Edward “Ted” Russell was born in Coley’s Point, Conception Bay, in 1904. At sixteen, he undertook his first teaching assignment at Pass Island. For the next twenty-three years, he worked in outport communities as a teacher and later a magistrate. In 1943 he moved to St. John’s to accept the position of Director of Co-operatives for the Commission of Government.
After a brief stint in politics (a member of the first Smallwood cabinet), Ted returned to teaching. But he also found a new opportunity to give expression to the more creative side of his nature. In 1953 he was offered a spot on CBC Radio’s Fishermen’s Broadcast as Uncle Mose. The highly successful “The Chronicles of Uncle Mose” continued until 1962. During this period Ted also wrote several radio plays, all of which were broadcast by CBC. The last years of his working life were spent on the faculty of Memorial University (English department) from which he retired in 1973. He died four years later.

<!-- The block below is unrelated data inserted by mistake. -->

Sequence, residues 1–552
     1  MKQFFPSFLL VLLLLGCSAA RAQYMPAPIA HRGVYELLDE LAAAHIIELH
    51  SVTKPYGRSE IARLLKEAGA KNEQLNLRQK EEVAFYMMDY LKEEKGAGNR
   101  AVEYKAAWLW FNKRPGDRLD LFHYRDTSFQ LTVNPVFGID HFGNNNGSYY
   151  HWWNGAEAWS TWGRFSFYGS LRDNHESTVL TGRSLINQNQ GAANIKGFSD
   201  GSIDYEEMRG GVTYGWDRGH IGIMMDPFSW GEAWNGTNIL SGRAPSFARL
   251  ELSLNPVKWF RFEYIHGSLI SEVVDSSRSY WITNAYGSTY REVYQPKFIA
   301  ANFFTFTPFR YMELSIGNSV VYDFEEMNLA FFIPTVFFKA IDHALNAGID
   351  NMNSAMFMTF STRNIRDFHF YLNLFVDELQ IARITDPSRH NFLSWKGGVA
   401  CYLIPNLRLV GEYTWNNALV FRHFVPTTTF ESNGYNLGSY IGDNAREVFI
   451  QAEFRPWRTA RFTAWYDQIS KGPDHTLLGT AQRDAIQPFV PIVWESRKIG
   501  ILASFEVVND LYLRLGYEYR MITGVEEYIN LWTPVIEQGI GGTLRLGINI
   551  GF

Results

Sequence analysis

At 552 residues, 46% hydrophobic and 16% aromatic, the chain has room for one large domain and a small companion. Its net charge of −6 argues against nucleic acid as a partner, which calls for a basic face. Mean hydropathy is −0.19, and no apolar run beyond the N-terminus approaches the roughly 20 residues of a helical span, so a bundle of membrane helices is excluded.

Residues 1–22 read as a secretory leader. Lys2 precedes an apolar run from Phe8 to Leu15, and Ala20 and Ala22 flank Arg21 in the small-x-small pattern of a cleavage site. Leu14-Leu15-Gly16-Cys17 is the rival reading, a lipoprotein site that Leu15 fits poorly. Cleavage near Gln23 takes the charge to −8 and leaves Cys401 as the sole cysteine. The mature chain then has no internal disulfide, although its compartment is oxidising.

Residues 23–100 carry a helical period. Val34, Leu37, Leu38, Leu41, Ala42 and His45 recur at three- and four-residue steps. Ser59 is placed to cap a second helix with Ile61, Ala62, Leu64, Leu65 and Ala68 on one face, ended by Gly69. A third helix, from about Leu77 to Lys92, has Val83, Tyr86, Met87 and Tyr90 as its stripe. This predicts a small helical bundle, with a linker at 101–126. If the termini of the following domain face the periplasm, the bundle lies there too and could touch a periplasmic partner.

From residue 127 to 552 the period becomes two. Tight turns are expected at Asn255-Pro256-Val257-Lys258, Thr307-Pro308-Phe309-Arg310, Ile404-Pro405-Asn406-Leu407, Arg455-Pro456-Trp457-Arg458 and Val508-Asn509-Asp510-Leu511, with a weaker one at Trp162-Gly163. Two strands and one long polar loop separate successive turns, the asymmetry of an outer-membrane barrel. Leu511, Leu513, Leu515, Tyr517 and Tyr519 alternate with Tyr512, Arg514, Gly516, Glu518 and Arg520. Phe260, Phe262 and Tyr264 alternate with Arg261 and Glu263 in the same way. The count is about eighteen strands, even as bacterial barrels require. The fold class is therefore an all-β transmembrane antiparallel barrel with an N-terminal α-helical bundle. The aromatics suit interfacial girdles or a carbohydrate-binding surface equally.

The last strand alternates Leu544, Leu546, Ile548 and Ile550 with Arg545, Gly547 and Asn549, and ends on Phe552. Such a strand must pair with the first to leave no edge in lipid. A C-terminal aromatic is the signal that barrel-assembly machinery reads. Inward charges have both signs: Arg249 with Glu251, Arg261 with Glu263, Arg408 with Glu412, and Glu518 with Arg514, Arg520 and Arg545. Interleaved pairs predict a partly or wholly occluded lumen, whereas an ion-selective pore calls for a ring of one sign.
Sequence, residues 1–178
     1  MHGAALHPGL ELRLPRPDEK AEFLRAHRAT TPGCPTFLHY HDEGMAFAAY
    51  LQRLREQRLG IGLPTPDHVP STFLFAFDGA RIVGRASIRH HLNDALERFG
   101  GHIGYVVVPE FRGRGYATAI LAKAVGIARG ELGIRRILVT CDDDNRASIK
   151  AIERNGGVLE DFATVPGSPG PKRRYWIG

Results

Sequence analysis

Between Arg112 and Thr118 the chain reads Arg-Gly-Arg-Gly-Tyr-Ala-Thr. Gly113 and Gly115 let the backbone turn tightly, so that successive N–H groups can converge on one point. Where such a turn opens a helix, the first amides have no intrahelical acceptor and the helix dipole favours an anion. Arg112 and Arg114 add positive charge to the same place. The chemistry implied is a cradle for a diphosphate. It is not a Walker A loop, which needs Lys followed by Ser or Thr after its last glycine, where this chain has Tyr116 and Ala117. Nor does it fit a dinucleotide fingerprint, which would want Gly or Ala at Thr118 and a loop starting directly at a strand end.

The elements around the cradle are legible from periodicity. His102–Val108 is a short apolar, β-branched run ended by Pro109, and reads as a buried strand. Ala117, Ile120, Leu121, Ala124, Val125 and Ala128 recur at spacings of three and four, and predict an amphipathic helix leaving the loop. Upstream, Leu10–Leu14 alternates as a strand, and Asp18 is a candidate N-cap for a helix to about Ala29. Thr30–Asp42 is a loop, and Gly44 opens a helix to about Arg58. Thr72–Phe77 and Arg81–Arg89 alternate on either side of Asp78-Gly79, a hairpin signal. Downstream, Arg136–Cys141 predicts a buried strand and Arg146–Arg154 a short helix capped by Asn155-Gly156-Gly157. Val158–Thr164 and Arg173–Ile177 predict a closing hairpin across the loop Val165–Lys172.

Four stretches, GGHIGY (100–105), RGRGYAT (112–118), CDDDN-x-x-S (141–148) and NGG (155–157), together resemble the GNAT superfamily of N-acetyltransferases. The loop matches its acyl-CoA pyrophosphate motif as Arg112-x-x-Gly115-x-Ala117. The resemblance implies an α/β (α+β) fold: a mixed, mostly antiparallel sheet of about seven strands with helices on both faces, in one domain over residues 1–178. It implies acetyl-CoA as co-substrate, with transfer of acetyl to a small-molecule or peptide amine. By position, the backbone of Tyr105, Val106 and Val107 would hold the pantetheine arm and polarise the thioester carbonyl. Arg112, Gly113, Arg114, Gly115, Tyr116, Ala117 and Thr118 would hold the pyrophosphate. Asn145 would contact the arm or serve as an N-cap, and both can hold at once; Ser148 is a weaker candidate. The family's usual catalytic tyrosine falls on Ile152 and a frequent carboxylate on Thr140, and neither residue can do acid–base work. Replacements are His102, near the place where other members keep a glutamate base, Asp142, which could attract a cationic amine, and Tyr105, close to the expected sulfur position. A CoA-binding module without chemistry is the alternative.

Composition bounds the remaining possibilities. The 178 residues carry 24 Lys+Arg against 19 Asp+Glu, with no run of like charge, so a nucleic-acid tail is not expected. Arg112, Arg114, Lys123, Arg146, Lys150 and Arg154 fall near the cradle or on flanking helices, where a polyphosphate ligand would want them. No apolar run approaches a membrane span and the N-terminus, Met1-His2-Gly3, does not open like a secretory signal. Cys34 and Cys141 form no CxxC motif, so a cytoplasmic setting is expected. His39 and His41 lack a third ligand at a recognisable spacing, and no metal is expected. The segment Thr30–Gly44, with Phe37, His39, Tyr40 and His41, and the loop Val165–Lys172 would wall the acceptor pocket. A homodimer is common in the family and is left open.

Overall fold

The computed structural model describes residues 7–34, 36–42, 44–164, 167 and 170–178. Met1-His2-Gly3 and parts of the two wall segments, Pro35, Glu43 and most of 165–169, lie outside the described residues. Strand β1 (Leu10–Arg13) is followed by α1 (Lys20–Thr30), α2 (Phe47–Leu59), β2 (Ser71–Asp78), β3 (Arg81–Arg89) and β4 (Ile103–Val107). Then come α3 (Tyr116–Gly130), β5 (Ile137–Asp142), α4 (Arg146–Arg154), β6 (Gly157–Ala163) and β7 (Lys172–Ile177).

Ted married Dora Oake (of Change Islands) in 1934. They had five children: Rhona, Elizabeth “Betty,” June, Margaret “Peggy,” and Kelly.
Flanker Press is a bright spark in the Newfoundland and Labrador publishing scene. As the province’s most active publisher of trade books, the company now averages twenty new titles per year, with a heavy emphasis on regional non-fiction and historical fiction.
The mission of Flanker Press is to provide a quality publishing service to the local and regional writing community and to actively promote its authors and their books in Canada and abroad.
Now located in Paradise, Flanker Press has grown from a part-time venture in 1994 to a business with eight full-time employees. In the fall of 2004, Flanker Press launched a new imprint, Pennywell Books. This imprint includes literary fiction, short stories, young adult fiction, and children’s books.
Flanker Press Ltd. Unit #1 1243 Kenmount Road, Paradise, NL A1L 0V8 Canada
We acknowledge the financial support of the Government of Canada through the Canada Book Fund (CBF) and the Government of Newfoundland and Labrador, Department of Tourism, Culture and Recreation for our publishing activities.
We acknowledge the support of the Canada Council for the Arts, which last year invested $157 million to bring the arts to Canadians throughout the country. Nous remercions le Conseil des arts du Canada de son soutien. L’an dernier, le Conseil a investi 157 millions de dollars pour mettre de l’art dans la vie des Canadiennes et des Canadiens de tout le pays.